Harwood Dale Forest Plan
Hardwood Dale Forest is an area of 748.7 hectares of primarily coniferous woodland with some broadleaf coverage situated in North Yorkshire. The woodland is situated with 3 kilometres of the North Sea coastline and is surrounded by heather moorland to the north and west, with farmland around the south and east. The Forestry Commission acquired the land in the 1920’s and established a woodland shortly afterwards.
The forest is a prominent feature in the local landscape of the North York Moors National Park with the woodland itself being planted on a gradually rising former upland moor and rough pasture land. At its highest point Pye Rigg Howe, in the north, the forest rises to 240 metres above sea level.
At the start of the previous forest plan, in 2009, the forest was largely more coniferous than it is now, and plans to become. Consequently the increase in species and structural diversification is having a positive impact on the forests contribution across the landscape. The forest is also popular with local residents of the nearby towns and villages who use it frequently for recreational walking and dog walking, as well as horse riders making regular use of the bridleways.
The long term vision for Harwood Forest is to maintain the natural heritage sites, consider the selection for an alternative main tree species to boost resilience and diversity of the forest.
• Maintain the land within our stewardship under UKWAS certification, to be measured by independent surveillance audits.
• Maintain the cultural and heritage value of these woods, to be measured by Natural England, English Heritage, Non-Government Organisations and FC systems accordingly.
• Encourage communities to become involved across these woods, its management and direction through consultation in planning and participation in volunteering.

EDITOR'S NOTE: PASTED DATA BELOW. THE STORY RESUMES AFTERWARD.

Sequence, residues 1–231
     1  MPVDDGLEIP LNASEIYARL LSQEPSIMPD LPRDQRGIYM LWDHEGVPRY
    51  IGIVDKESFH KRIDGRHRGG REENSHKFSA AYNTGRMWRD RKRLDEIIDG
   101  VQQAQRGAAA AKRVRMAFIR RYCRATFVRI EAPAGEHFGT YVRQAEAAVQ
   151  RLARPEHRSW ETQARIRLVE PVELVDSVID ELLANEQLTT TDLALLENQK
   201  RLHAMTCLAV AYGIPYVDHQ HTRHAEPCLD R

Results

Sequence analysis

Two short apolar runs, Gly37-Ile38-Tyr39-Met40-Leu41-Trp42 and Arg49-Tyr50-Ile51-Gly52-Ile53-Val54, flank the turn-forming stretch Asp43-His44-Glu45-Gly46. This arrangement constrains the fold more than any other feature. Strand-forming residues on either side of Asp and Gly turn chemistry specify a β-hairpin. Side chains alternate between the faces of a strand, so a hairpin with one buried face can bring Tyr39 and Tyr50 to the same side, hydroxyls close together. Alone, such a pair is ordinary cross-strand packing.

• Improve the economic resilience of these woods from a more diverse range of site appropriate conifer and broadleaf species, to be measured by the Production Forecast and Sales Recording Package.
• Encourage and support appropriate business activity in support of other objectives.
What we’ll do
The Harwood Forest Plan outlines management proposals including felling and restocking for 9 years from 2015 until 2024.
The planned areas of conifer, broadleaf and permanent open space creation during the ten years to 2024 are summarised in the table.
In addition to these defined operations, selective thinning and group-felling will be carried out on a small scale at five and ten year intervals.
We will Protect and, where appropriate, enhance all known sites of archaeological and ecological importance and all sites, regardless of their designation, will receive the same level of care during the planning and execution of forest operations. The operational planning system will ensure they are recognised and the proper measures for their protection are in place before work begins.
The areas of small group felling carried out as part of the CCF silvicultural systems will be replanted to diversify species and age structure and to continue to provide a sustainable timber resource, whilst mindful of the projected impacts of climate change.
The development of future areas of broadleaf woodland will look to create a robust network of habitats linking conifer and broadleaf woodland with internal and external upland heath communities and riparian corridors. Natural regeneration will be the preferred method of establishment with the expectation that birch and willow species predominate.
This table illustrates how the plan will progress: